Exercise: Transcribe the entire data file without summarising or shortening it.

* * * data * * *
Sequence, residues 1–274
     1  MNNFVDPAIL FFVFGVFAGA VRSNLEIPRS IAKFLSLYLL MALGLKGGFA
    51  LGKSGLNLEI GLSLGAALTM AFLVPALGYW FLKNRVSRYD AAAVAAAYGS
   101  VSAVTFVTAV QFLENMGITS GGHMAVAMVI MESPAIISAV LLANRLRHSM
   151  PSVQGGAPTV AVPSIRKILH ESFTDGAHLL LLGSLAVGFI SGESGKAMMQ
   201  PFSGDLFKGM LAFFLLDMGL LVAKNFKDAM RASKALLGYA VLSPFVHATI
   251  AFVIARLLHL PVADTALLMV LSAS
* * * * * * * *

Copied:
Sequence, residues 1–274
     1  MNNFVDPAIL FFVFGVFAGA VRSNLEIPRS IAKFLSLYLL MALGLKGGFA
    51  LGKSGLNLEI GLSLGAALTM AFLVPALGYW FLKNRVSRYD AAAVAAAYGS
   101  VSAVTFVTAV QFLENMGITS GGHMAVAMVI MESPAIISAV LLANRLRHSM
   151  PSVQGGAPTV AVPSIRKILH ESFTDGAHLL LLGSLAVGFI SGESGKAMMQ
   201  PFSGDLFKGM LAFFLLDMGL LVAKNFKDAM RASKALLGYA VLSPFVHATI
   251  AFVIARLLHL PVADTALLMV LSAS